It also could mean a consumer’s worst nightmare if complicated menus and settings limits the Brazen to the coffee elite. How easy is it to program?
Let’s answer the second question and then go to test results. The menu is intuitive enough to be a 90s-era Sony camcorder. Pat and I needed to leave on a weekend drip in the middle of testing. I left the Brazen set up in my kitchen, expecting it might frustrate my wife’s cousin Leigh who stayed over and is fond of calling electronic settings “thingies”. Happily she was able to brew beautiful coffee with a 30 second tutorial as I was walking out the door. You literally could buy one of these and use it without every worrying about any of the settings, or put it off until you get picky.
As far as test results, I have good news. The temperature is accurate and rock steady. The sprayhead can be observed and it gives ample coverage. Thanks to this and the pre-infusion feature, grounds end up good and soaked as it should be. The amazing thing was being able to report this using coffee hours fresh from being roasted.
Fresh roasted coffee foams up when water hits it. Anyone who brews using a kettle knows to simply wait until the grounds rise, the carbon dioxide gas emits and the grounds all back down again. The Brazen Behmor accommodates this by spraying just enough water to wet the grounds. Then it stops brewing, which can be programmed to last between 1 and 3 minutes, depending upon the freshness and how determined you are to address it. After that it brews continuously. This is an effective way to accommodate fresh coffee. The only other coffee brewers in history I know of that similarly dealt with fresh grounds were the Chemex automatic, many years gone and a Braun brewing in the 1990s which used what they termed interval brewing.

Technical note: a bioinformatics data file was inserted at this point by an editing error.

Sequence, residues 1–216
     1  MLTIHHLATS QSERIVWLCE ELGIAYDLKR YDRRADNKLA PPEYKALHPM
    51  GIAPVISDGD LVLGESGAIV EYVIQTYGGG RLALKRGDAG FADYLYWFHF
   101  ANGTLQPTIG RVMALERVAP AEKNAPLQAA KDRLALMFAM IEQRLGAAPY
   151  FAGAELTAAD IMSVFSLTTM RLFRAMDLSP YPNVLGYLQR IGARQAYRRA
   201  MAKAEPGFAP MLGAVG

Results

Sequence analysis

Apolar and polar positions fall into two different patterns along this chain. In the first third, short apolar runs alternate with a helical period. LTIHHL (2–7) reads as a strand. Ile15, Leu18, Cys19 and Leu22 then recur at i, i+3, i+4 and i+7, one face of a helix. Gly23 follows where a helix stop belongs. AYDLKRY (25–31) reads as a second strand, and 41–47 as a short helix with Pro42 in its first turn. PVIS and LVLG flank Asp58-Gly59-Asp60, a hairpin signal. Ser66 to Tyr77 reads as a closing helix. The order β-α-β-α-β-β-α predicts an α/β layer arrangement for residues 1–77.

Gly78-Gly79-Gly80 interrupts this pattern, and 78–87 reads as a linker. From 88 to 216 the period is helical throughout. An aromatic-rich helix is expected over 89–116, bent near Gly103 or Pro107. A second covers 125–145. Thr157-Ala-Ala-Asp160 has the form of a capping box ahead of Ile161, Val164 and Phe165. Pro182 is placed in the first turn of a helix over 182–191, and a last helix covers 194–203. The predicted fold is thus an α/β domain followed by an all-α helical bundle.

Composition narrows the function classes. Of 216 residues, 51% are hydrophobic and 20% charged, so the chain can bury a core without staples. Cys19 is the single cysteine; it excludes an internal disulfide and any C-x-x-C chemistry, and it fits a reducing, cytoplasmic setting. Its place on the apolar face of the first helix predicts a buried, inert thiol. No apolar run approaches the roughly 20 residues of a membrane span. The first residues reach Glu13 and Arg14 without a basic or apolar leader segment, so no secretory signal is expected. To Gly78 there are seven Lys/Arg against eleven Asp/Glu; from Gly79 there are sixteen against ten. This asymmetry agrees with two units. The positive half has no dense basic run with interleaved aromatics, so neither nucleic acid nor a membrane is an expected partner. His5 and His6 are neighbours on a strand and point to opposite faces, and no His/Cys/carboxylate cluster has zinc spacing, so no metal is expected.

The coffee I did most of my testing with was a Costa Rica from Arnold’s Coffee in Elizabethtown, Kentucky. Arnold roasts beautifully, one of the best. However, I have a confession. I don’t usually care for Costa Rican Coffee, even Bill McAlpin’s, perhaps the most OCD coffee producer in the world. I swear he dusts the coffee trees. Anyway, using 63-65 grams of coffee and brewing temperatures upwards of 206°F, I finally found the caffeinated Nivarna I found I could emulate a French press taste using lower temperatures. I’m sure people are going to start posting their favorites here and elsewhere. This brewer puts control and fun in your hands. I have no knocks or gripes whatsoever.
Perhaps my favorite tests were using Oren’s Daily Roast’s two Guatemala coffee varieties, one from Antigua and the other a Coban. With the Brazen I had a great time brewing each to perfection. I found I was able to optimize each coffee to my taste buds at brewing temperatures in excess of 200°F, the Coban tasted ideal brewed at 203°F. Short of brewing in a vacuum maker, I don’t think I could reproduce the flavors I achieved in any other brewer.
I repeated the above tests using a five-cup hand-blown Chemex (the six-cup more commonly available is just a bit too big to fit) inserted into the Brazen’s carcass. It performed beautifully. Joe Behm brilliantly devised a manual release setting that allows you to choose a brew temperature, get the water up to that point and release showers of hot water over your Chemex. The results matched or exceeded what I got using the Behmor by itself. Perhaps I’m biased in favor of the Chemex filter or the multiple pauses during brewing. At this exalted performance level one should expect a little subjective hair splitting. Suffice it to say it’s another brewing option that will increase the Behmor’s value to its audience.
The Behmor Brazen takes paper filters, but after a few times, I just started using the supplied metal filter and it works just fine. Joe Behm told me he prefers the gold filter. My only caution is to be sure to keep it clean, immediately scrubbing it after use with a little perfume free detergent.
Dynamic Duo: Brazen with Chemex Insert
I prefer glass carafes, but the thermal carafe works fine, does a good job of holding the coffee temperature steady for an hour or more. I just make sure I thoroughly clean it when we’re done with the same detergent regimen I use for the filter. But, I just hate cleanup.
Build is good. Obviously I can’t judge long-term longevity. I try to avoid the disdainful and vulgar subjects of money and value, but I was actually surprised to find this much technology in the $200 price range. Consider other passions where cutting edge technology can be had for so little.
Joe, thank you for this brewer. It not only holds its own amidst the other top performing automatic drip machines, but French presses, Hario v60s and Chemexes as well. For the coffee brewing hobbyist, there is really nothing else out there like it.